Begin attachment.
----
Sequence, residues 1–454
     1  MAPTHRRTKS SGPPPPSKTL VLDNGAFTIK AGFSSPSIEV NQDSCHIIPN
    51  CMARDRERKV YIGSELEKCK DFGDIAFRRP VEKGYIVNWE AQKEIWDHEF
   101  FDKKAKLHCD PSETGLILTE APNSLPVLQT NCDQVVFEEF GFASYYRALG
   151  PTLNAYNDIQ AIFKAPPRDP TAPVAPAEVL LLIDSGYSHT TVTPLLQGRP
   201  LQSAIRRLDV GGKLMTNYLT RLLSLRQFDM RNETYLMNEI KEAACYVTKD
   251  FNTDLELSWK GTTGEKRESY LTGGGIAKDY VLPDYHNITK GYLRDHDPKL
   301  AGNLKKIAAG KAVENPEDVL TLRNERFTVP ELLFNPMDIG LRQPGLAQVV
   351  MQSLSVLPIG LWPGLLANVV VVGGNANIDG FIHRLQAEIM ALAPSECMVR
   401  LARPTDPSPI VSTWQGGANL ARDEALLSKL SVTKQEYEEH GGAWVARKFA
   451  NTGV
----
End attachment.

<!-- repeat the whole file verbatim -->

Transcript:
Sequence, residues 1–454
     1  MAPTHRRTKS SGPPPPSKTL VLDNGAFTIK AGFSSPSIEV NQDSCHIIPN
    51  CMARDRERKV YIGSELEKCK DFGDIAFRRP VEKGYIVNWE AQKEIWDHEF
   101  FDKKAKLHCD PSETGLILTE APNSLPVLQT NCDQVVFEEF GFASYYRALG
   151  PTLNAYNDIQ AIFKAPPRDP TAPVAPAEVL LLIDSGYSHT TVTPLLQGRP
   201  LQSAIRRLDV GGKLMTNYLT RLLSLRQFDM RNETYLMNEI KEAACYVTKD
   251  FNTDLELSWK GTTGEKRESY LTGGGIAKDY VLPDYHNITK GYLRDHDPKL
   301  AGNLKKIAAG KAVENPEDVL TLRNERFTVP ELLFNPMDIG LRQPGLAQVV
   351  MQSLSVLPIG LWPGLLANVV VVGGNANIDG FIHRLQAEIM ALAPSECMVR
   401  LARPTDPSPI VSTWQGGANL ARDEALLSKL SVTKQEYEEH GGAWVARKFA
   451  NTGV